Maybe you’re tearing down walls to create a larger living space. Or you have a few doors that you’ve previously removed lying around in your basement or garage. Perhaps you love the thrill of scoring finds at flea markets and yard sales. If any of those scenarios sounds familiar, you’ll want to take a closer look at doorknobs because they could score you a nice chunk of change.
What is a vintage doorknob?
Although they can be a bit fiddly, if you take a closer look at vintage doorknobs, you’ll find they’re quite lovely. The Antique Doorknob Collectors of America (ADCA) sure thinks so, which is why they put a premium on vintage doorknobs from before 1950. Collectors love them because they serve as microcosms of long-ago design styles and embody the beauty of vintage craftsmanship. Doorknobs from the late 19th and early 20th century are especially popular among collectors — which could translate into a nice payday for you.
What makes a vintage doorknob valuable?
The ADCA has an extensive list of collectible categories of doorknobs, along with information about their manufacturers. These collectible categories include (but are not limited to):
- Representative. Doorknobs featuring designs of animals, people, or objects.
- Odd-Shaped. Doorknobs that aren’t round or oval, but rather hexagonal, curvaceous, or rectangular.
- Composite. Knobs made from wood pulp and other materials.
There are a variety of antique doorknob designers that are considered highly collectible. Here are a few the ADCA highlights:
- P. & F. Corbin Company. Founded in 1849.
- Russell & Erwin Manufacturing Company. Founded in 1849.
- Sargent & Company. Founded in 1854.
- Yale & Towne Manufacturing Company. Founded in 1868.
How much can my vintage doorknob sell for?
Once you’ve learned about some of the styles and makers to look out for and inspected all your doors for any antique doorknob that may be valuable, you’ll want to contact the ADCA directly to score a list of businesses that buy and sell them. The organization also has regular conventions where collectors gather to buy and sell vintage and antique doorknobs. ADCA president Paul Woodfin says that a 19th century doorknob can sell for anywhere from $20 to hundreds of dollars. If you have a high-quality antique bronze doorknob in good condition, you may be in luck — Woodfin claims these can net you a payday of over $1,000. The more beautiful the doorknob, the more it might be worth. A vintage doorknob with an ornate design like an animal head may sell for over $2,000. One Victorian doorknob featuring a charming design of a dog sold for $4,000, and its popularity has led to many reproductions.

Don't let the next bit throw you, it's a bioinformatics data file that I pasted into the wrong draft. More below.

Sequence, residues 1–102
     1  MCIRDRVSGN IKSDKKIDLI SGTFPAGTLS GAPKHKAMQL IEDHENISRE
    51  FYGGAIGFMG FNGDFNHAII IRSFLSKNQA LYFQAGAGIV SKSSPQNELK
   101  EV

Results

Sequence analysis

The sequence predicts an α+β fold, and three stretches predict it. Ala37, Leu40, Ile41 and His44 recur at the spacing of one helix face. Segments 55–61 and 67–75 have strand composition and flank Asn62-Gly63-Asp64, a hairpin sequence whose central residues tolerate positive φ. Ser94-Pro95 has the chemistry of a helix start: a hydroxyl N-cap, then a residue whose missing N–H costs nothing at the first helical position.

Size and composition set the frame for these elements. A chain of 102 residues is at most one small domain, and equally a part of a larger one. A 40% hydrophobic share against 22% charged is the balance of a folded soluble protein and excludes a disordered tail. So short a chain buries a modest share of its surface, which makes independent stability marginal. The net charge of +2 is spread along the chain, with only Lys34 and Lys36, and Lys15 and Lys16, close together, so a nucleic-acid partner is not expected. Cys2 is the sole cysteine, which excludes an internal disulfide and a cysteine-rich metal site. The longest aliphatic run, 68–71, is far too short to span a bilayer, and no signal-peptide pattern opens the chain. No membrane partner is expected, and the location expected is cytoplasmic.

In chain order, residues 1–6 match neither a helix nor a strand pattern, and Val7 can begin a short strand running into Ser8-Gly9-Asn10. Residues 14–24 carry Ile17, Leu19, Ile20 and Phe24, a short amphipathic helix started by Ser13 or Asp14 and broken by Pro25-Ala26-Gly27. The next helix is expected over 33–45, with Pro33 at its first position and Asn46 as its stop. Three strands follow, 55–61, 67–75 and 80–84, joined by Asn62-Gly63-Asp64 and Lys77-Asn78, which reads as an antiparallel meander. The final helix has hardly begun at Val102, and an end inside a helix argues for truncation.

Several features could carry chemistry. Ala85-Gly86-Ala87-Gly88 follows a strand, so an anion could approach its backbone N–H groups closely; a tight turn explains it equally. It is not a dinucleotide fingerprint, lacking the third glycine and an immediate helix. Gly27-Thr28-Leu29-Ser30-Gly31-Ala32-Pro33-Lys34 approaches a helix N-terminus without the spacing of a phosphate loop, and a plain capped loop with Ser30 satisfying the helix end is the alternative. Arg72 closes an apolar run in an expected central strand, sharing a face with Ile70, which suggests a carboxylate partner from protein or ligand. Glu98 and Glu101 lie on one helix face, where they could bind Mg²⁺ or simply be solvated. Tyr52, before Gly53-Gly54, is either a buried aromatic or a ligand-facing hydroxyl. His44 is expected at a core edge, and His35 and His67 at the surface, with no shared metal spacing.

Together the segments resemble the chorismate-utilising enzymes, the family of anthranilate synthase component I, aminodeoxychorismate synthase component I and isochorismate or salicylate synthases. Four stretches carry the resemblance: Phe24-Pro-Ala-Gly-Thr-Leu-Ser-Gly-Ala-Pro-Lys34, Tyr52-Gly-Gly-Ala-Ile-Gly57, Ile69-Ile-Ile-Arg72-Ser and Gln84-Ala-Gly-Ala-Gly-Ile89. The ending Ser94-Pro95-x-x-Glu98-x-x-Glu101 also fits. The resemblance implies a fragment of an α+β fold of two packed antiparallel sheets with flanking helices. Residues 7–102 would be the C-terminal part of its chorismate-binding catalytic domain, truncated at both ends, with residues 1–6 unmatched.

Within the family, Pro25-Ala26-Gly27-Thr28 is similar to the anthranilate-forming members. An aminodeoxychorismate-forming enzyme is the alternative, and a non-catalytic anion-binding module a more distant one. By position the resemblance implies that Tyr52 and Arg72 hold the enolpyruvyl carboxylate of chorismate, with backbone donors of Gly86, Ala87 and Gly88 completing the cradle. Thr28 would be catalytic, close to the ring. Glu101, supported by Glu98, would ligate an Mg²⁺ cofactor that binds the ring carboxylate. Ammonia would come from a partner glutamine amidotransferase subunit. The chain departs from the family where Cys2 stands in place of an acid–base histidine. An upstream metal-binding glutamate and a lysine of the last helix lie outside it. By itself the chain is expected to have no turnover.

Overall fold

Antique doorknobs may seem like a niche thing to collect, but they are actually fascinating objects that charmingly reflect the times in which they were produced. If you’re in the midst of a home redo, you might want to consider giving your doorknobs a closer look. Your home just might be filled with small treasures more valuable than you ever anticipated.
Read on to learn about more surprisingly valuable vintage pieces: